You should consider the sensitivity analysis alongside Accounting for residual uncertainty: updating the freeboard guide.
There is detailed information on the required model outputs in Model output requirements.
You should agree with us how you’ll deliver against these requirements.
As a minimum requirement, your model must simulate floods with an Annual Exceedance Probability (AEP) of
- 1 in 2 (50%)/ Qmed , 1 in 10 (10%), 1 in 30 (3.33%), 1 in 75 (1.33%), 1 in 100 (1%), 1 in 200 (0.5%) and 1 in 1,000 (0.1%) for Present Day conditions
- 1 in 30 (3.33%), 1 in 100 (1%)/ 1 in 200 (0.5%) and 1 in 1,000 (0.1%) for Climate Change conditions.
This will ensure all your model results can feed into key flood risk datasets and flood map.
Your Scoping Study should set out the results you’ll need from the modelling. In most cases direct output from the hydraulic model should be:
- velocity (magnitude and flow direction)
- hazard (based on the precautionary approach set out in Explanatory note for FD2320 and FD2321 and using the ‘conservative’ debris factor)
- water surface elevation i.e. flood level
- flood extent
You should consider creating animations in key locations for key scenarios.
You must create defended areas for new or existing defences, based on your model results and including an assessment of their Standard of Protection.
Contact our local flood risk analysis teams for more advice about this.
Updating our flood risk maps
You must create flood extents to update flood ‘likelihood’ information in the FRAW map and flood zones in the Flood Map for Planning.
Within six months of construction you need to send new model, mapping data and an 'as-built' survey to us to show the benefits provided by new flood risk management works. We will then update our flood maps.
We will review all design data in your model against ‘as-built’ information to ensure the mapping data accurately represents construction.
More information about challenging our flood maps.
Reviewing your model
A senior modeller must review the hydraulic model separately before submitting it to us to ensure it:
- follows best practise
- uses data correctly
- incorporates sensible model parameters (within defined limits)
- is stable (within acceptable tolerance limits)
- generates sensible results.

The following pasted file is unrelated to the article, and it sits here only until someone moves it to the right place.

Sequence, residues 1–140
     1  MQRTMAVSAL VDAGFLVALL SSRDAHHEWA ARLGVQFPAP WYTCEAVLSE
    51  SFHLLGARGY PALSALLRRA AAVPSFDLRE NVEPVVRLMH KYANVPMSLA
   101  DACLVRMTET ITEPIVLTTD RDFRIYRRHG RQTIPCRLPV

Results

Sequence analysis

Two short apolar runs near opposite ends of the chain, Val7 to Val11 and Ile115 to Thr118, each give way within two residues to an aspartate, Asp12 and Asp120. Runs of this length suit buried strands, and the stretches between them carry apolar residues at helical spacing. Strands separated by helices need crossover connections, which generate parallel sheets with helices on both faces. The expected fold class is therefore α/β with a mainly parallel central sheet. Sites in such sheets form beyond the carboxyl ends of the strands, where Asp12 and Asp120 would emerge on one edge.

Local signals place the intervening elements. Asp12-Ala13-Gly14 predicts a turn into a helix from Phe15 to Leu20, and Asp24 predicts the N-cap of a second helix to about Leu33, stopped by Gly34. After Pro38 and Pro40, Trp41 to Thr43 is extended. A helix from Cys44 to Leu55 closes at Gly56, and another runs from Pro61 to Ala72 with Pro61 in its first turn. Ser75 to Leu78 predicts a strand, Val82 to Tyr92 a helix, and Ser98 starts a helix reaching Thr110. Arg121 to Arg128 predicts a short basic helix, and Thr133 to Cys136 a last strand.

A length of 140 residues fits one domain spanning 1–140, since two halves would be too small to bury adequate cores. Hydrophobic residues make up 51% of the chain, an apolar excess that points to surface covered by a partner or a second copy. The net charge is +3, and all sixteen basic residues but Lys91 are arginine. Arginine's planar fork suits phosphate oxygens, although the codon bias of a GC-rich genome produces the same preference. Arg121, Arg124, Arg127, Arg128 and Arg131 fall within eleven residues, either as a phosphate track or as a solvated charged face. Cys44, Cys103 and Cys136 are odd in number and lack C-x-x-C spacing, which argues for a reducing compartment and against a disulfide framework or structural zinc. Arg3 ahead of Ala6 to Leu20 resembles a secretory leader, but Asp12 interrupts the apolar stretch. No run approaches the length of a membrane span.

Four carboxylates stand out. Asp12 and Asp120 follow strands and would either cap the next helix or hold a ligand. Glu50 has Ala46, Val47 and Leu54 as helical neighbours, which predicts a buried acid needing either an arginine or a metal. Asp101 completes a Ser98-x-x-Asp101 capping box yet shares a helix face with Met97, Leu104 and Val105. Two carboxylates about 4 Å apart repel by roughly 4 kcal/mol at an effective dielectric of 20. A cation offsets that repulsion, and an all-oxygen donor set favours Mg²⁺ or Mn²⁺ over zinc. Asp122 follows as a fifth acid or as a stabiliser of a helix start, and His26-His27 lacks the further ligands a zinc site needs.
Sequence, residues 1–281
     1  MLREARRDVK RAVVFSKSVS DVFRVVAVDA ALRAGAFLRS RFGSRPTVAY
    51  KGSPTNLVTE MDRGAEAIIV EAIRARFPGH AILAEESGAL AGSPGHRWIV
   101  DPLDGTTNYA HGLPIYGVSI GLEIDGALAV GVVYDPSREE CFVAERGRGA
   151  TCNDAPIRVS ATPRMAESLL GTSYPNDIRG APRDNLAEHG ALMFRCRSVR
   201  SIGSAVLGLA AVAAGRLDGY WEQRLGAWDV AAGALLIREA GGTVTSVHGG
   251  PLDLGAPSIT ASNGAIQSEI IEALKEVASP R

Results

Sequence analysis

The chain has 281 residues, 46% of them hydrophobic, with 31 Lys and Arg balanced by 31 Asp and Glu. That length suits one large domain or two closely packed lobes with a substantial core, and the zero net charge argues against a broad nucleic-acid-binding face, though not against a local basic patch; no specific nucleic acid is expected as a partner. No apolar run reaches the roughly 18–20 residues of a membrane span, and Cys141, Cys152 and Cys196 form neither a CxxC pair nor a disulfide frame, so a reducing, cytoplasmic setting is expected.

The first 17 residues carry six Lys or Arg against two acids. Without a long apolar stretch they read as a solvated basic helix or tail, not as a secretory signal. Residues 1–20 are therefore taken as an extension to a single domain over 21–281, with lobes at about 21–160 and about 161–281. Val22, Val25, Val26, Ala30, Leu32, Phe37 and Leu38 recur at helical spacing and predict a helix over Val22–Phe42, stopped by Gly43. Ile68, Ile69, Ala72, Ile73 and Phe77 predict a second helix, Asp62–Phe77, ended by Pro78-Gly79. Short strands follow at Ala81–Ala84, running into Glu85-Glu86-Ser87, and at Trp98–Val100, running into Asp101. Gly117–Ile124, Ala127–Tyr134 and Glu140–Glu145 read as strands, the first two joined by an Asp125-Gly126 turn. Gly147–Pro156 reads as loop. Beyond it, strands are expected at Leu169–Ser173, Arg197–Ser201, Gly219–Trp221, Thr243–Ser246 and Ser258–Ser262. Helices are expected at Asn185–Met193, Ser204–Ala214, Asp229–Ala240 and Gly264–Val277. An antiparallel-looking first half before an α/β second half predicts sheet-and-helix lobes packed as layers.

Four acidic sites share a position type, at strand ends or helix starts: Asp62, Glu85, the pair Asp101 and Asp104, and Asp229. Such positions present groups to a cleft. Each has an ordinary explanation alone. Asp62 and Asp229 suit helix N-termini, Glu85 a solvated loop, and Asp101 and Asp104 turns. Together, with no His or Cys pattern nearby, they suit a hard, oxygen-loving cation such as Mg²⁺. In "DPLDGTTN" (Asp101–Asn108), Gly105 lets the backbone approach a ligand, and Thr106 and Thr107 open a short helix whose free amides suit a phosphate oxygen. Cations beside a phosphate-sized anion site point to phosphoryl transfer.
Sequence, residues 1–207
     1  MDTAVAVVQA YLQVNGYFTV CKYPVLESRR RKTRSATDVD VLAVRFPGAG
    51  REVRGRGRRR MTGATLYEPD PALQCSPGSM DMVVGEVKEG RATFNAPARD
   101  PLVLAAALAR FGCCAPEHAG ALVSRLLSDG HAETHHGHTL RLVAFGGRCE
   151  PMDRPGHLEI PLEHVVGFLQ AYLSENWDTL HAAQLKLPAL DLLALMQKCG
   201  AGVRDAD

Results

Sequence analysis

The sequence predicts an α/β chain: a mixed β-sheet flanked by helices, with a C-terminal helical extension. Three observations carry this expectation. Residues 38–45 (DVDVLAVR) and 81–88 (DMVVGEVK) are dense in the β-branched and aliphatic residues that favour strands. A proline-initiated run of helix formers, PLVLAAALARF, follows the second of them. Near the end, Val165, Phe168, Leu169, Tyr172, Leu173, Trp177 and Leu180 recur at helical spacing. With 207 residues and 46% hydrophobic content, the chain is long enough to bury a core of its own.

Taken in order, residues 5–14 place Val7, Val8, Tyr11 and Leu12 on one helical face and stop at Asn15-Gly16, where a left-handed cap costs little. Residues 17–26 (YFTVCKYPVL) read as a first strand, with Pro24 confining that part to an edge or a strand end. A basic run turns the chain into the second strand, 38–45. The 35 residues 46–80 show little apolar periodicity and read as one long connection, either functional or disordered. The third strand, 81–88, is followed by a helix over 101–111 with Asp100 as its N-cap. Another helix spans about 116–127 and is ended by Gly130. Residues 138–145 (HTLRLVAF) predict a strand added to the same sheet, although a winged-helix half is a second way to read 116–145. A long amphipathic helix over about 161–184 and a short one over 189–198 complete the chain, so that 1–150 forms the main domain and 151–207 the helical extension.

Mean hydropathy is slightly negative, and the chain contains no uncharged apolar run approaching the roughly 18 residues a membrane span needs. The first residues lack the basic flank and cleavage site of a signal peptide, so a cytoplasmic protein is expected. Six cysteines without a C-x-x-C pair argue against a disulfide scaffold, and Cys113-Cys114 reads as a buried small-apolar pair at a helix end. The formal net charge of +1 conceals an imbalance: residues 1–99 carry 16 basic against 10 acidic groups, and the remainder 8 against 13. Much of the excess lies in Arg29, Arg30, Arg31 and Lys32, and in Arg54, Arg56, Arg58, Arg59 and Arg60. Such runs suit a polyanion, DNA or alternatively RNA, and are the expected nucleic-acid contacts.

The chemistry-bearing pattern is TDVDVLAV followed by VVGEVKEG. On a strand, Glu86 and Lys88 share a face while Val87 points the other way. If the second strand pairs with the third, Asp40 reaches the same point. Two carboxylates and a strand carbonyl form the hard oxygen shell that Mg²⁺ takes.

You must give evidence of this quality assurance in your modelling report and include any quality concern it identified.
If your model is likely to come under a high level of scrutiny, you may consider an independent quality assurance of the hydraulic model.
Submitting your model report
You must provide a comprehensive model report and a separate model log. The model report should clearly set out your:
- project objectives
- model construction and stability
- results (including description and interpretation of the model output)
- recommendations and conclusions
You should highlight any limitations and areas of uncertainty in the report.
You should use a model log to track the changes between each model build and use this to clearly label the different model files.
Complete and include with your model the 'Flood map challenge change note'. This will give us a royalty-free, non-exclusive license to update national mapping and data. Contact the local flood risk analysis team for more information:
File format of documents
You should submit all your model data in a digital format:
You must submit:
- all model input and output data with relevant run and check files. This must be the ‘final’ model with superseded or redundant files removed.
- all modelling results in raw and post-processed format (.asc or .flt).
- all supporting data you used to construct the hydraulic model in an agreed format, e.g. DWG for survey.
- modelling report (PDF/Word), model log and supporting calculation records
- GIS outlines (shapefile format).
Contact the local flood risk analysis team to agree delivery of your data via NRW Citrix Sharefile or equivalent.
You cannot send your model data through Dropbox or other services.